Lisa Rivero M.A.

Creative Synthesis

The Self-Education of Oscar Micheaux

From oddball indie author to pioneer feature filmmaker

Posted Feb 18, 2012

Oscar Micheaux
Oscar Micheaux is well known for his pioneer filmmaking, and with good reason. He produced over forty films, half silent and half talkies, including the important 1920 Within Our Gates, his cinematic response to D. W. Griffith's The Birth of a Nation.

What many people are not aware of, however, is that his name belongs alongside that of Thomas Edison, Frederick Douglass, Jane Goodall, and many others as having been largely self-taught.

From Oddball to Stranger in a Strange Land

In Oscar Micheaux: The Great and Only, Patrick McGilligan writes that Oscar knew he was different from a young age. His peers regarded him as slow and gave him the nickname "Oddball," while adults were suspicious of him, in Micheaux's words, as "worldly, a free thinker, and a dangerous associate for young Christian folks." His remembered that his teachers recognized his quick learning but criticized his talkativeness and inquisitiveness.

At age sixteen, without having finished high school and with a seemingly limitless curiosity and confidence that would follow him in a variety of careers, he hopped on a train headed for Chicago. For a few years he worked as a Pullman porter, which he described as "an opportunity to see the country and make money at the same time." Micheaux used his Pullman years as a form of self-education. While well aware of the "greedy and inhuman" aspects of the company for which he worked, he at the same time used the opportunity to read whatever was left behind on the trains or given to him by passengers, from Shakespeare to Owen Wister's newly published The Virginian. He met and interacted with a variety of people, honing his interpersonal skills, and visited numerous historical landmarks, theatrical productions, and universities such as Harvard and M.I.T. The money he saved during this time he would later use to buy a relinquished homestead claim on the South Dakota Rosebud Indian Reservation after he was unlucky in the 1904 land lottery.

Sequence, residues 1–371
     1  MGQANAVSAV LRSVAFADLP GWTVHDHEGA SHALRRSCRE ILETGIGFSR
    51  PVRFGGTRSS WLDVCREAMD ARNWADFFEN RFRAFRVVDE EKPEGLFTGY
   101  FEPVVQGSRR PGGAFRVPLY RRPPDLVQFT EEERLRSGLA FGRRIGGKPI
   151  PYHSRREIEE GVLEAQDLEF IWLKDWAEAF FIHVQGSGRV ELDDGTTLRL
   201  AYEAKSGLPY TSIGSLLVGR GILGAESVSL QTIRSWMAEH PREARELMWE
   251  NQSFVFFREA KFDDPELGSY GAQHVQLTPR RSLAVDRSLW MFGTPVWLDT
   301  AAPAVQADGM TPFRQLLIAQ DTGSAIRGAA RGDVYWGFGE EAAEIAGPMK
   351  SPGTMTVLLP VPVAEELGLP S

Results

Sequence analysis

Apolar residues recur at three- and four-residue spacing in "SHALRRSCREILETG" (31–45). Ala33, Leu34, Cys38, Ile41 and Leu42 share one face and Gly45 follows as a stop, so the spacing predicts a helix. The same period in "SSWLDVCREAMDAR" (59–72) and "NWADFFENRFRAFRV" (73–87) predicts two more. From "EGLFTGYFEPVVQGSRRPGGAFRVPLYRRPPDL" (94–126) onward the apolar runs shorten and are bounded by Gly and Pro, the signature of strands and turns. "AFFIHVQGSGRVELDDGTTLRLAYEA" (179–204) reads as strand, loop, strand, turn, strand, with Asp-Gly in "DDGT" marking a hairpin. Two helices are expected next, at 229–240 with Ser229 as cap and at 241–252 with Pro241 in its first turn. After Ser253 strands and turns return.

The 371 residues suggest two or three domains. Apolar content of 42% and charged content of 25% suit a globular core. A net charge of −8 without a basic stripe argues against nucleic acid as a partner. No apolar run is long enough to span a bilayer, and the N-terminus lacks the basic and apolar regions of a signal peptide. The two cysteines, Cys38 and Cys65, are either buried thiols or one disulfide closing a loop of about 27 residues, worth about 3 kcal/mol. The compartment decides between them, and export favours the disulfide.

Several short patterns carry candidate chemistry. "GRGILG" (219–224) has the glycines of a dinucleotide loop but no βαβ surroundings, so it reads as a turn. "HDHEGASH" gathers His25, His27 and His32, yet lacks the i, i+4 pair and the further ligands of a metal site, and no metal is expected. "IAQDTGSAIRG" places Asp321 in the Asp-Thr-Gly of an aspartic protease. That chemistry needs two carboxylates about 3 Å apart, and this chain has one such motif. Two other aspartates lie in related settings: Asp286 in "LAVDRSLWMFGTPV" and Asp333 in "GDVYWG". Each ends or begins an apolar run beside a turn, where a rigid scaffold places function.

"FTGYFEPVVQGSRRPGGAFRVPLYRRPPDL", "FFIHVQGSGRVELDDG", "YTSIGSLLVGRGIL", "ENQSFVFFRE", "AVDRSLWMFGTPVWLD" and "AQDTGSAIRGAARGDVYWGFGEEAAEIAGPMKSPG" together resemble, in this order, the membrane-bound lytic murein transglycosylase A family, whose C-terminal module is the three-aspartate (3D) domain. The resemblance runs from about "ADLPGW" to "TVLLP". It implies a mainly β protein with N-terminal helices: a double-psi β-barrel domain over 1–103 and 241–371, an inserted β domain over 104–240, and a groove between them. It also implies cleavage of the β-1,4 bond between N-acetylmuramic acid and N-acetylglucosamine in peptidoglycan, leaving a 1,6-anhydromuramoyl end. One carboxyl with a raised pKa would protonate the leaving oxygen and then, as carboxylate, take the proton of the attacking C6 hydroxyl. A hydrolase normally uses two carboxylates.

As a farmer, Micheaux continued to be the oddball and to learn and grow. He would later write in The Conquest: The Story of a Negro Pioneer, a thinly disguised fictional account of his homesteading years, "The fact that I was a stranger in a strange land, inhabited wholly by people not my own race, did not tend to cheer my gloomy spirits." Yet Micheaux plowed ahead, literally and figuratively, eventually accumulating several hundred acres of land and experimenting with innovative farming techniques before the drought of 1911 led him to his next career: a writer.

Oscar Micheaux: Indie Author

As with so many successful artists and entrepreneurs, one trait that set Micheaux apart was his response to failure, his ability to adapt and to reframe rather than limit his opportunities. Within two years of the drought, he was selling his first of seven novels, The Conquest: The Story of a Negro Pioneer, going door to door, setting up a network of agents who would peddle the book in towns and stock it in stores, and forming his own publishing company.

But being a self-taught farmer and self-taught writer were not enough to satisfy his drive and curiosity. When he wanted to make a film of his novel The Homesteader, he raised the money and learned the craft necessary to produce it himself. The rest is indeed history.

J. Ronald Green writes in With a Crooked Stick: The Films of Oscar Micheaux that Micheaux's adaptability led directly to his artistic contributions, and that "if Micheaux had actually succeeded as a large-scale farmer, [The Conquest] would not exist and Micheaux would not exist as we know him."

One cannot help wondering what would become of Oscar were he a child today, how or even whether he would be able to channel his inquisitiveness and talkativeness and larger-than-life drive to learn and self-direction. In the end, whether his achievements were the result of talent or practice or something else entirely, one trait stands out as allowing him to pursue his successive dreams: He was willing to be the oddball and to appear foolish in others' eyes. What he needed from everyone else was simply to get out of his way.

References:

Green, Ronald J. With a Crooked Stick: The Films of Oscar Micheaux, Indiana University Press, 2004

McGilligan, Patrick. Oscar Micheaux: The Great and the Only. Harper, 2007

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Lisa Rivero is the author of the children's historical fiction novel, Oscar's Gift: Planting Words with Oscar Micheaux. Connect with her on Facebook and Twitter.

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